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TFN is published by the Scottish Council for Voluntary Organisations, Mansfield Traquair Centre, 15 Mansfield Place, Edinburgh, EH3 6BB. The Scottish Council for Voluntary Organisations (SCVO) is a Scottish Charitable Incorporated Organisation. Registration number SC003558.

More schemes needed to support sustainable travel

 

Greater investment required

A leading transport charity has called for more action to increase car clubs and bike sharing after Scots backed the schemes to help tackle climate change.


A new opinion poll by Survation for Collaborative Mobility UK (CoMoUK) has found that 50% of people in Scotland support measures to increase the use of ‘shared transport’ models, with only 13% opposed.


Public support for shared transport schemes is highest in urban areas like the Lothians (60%) and Glasgow (58%).

However, the poll of more than 1,000 adults also revealed a third of Scots do not have strong views on the matter, which has prompted CoMoUK to call on governments and councils to promote the benefits of such schemes.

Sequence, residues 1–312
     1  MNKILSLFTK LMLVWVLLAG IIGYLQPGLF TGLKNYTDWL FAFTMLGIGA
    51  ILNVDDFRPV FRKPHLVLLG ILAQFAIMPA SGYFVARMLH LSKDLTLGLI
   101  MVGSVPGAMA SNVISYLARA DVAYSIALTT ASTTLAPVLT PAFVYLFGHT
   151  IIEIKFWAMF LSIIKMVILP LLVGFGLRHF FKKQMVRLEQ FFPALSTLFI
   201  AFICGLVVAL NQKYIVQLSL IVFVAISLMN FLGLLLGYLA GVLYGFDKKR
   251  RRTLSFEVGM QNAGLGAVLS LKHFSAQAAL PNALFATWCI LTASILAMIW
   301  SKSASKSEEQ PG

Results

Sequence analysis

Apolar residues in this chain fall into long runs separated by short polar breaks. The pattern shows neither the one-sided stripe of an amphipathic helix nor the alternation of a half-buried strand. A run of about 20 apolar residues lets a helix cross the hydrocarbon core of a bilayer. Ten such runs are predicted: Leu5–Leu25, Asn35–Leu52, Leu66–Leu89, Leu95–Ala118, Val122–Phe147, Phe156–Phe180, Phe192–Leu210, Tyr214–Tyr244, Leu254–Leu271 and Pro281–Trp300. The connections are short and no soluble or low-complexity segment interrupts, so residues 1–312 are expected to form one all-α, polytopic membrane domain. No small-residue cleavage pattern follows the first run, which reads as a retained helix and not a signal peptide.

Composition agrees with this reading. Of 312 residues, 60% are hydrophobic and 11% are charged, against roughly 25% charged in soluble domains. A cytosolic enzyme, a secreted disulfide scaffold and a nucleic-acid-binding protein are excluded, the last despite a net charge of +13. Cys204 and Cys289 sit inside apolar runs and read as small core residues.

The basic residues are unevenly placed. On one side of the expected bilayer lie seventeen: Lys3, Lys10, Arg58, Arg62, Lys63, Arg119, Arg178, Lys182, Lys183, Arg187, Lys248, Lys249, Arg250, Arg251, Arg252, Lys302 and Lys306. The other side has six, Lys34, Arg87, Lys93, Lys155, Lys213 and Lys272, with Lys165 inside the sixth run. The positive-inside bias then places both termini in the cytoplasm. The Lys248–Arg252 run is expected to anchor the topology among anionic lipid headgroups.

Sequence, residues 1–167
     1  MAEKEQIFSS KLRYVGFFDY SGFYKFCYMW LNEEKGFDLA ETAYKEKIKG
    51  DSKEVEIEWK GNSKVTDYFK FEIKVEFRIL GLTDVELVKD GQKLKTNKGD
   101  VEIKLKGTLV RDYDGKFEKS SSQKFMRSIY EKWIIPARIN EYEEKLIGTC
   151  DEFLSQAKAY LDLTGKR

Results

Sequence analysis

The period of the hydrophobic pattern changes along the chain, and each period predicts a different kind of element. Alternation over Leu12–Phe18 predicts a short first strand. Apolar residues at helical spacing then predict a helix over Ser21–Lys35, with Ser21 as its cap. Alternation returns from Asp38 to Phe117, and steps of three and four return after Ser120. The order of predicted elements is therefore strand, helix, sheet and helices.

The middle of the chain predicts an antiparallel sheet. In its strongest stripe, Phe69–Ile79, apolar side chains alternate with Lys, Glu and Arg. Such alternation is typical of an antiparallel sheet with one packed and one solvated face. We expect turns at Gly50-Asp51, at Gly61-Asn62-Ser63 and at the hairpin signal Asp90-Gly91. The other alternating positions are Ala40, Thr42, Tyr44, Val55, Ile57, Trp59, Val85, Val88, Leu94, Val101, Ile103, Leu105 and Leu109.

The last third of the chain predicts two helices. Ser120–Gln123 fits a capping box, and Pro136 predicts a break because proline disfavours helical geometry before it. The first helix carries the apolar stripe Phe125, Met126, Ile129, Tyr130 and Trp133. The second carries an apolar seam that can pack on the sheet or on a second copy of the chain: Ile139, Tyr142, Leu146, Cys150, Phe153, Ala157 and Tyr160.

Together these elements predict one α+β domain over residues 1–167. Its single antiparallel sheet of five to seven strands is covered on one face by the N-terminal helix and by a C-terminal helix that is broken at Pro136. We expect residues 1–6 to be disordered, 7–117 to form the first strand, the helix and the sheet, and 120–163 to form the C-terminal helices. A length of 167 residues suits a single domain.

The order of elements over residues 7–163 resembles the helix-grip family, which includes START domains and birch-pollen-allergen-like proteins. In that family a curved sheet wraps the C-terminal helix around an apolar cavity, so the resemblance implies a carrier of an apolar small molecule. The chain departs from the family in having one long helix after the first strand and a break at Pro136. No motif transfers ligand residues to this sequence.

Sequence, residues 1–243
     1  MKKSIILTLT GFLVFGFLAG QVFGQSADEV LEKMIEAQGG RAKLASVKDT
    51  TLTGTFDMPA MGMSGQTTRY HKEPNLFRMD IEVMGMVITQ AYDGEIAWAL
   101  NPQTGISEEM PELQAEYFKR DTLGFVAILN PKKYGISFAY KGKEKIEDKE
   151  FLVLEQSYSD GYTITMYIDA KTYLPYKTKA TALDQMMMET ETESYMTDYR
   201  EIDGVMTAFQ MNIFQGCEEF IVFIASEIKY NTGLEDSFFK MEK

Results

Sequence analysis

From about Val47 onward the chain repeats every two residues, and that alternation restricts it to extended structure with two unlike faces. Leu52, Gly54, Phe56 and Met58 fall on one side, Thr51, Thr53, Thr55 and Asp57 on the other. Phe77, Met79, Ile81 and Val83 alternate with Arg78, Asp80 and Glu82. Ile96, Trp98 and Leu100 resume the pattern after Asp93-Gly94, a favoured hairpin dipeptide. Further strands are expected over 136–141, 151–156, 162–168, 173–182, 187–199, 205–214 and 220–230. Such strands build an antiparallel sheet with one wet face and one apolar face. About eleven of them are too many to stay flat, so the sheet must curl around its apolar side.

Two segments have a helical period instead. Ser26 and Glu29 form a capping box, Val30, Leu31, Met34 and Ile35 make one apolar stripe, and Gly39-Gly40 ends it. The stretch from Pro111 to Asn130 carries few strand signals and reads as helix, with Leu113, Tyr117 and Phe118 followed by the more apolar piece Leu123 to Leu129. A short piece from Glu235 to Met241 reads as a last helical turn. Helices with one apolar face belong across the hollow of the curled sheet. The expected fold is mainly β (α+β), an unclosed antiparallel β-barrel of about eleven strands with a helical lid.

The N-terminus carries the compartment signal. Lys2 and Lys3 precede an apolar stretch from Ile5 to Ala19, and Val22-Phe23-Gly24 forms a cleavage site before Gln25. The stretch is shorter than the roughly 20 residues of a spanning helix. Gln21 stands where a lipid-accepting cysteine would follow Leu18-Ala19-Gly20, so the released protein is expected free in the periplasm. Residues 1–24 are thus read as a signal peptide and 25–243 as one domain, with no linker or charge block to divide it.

Private cars are by far the most popular form of transport, however usage needs to be cut by up to 60 per cent by 2030 to meet targets to reduce emissions.


CoMoUK has previously called on authorities across the UK to respond to the COVID-19 pandemic by shifting the way people travel. 


Lorna Finlayson, Scotland director for CoMoUK, said: “This research shows that Scots want to see more action when it comes to promoting shared transport.


“That’s particularly true in urban areas where schemes like car clubs and bike-sharing have real potential for expansion.


“By enabling more Scots to access shared transport opportunities we can reduce greenhouse gas emissions substantially while improving public health too.


“The polling also reveals around a third of Scots have no firm views on shared transport at present.


“That’s an opportunity for government and councils to promote these initiatives more and show people the benefits of them.


“The coronavirus pandemic has shaken up the way people move around their communities.


“This time should be used as a moment to recalibrate the current system, get people out of private cars, and find greener and more efficient ways for people to travel.”

 

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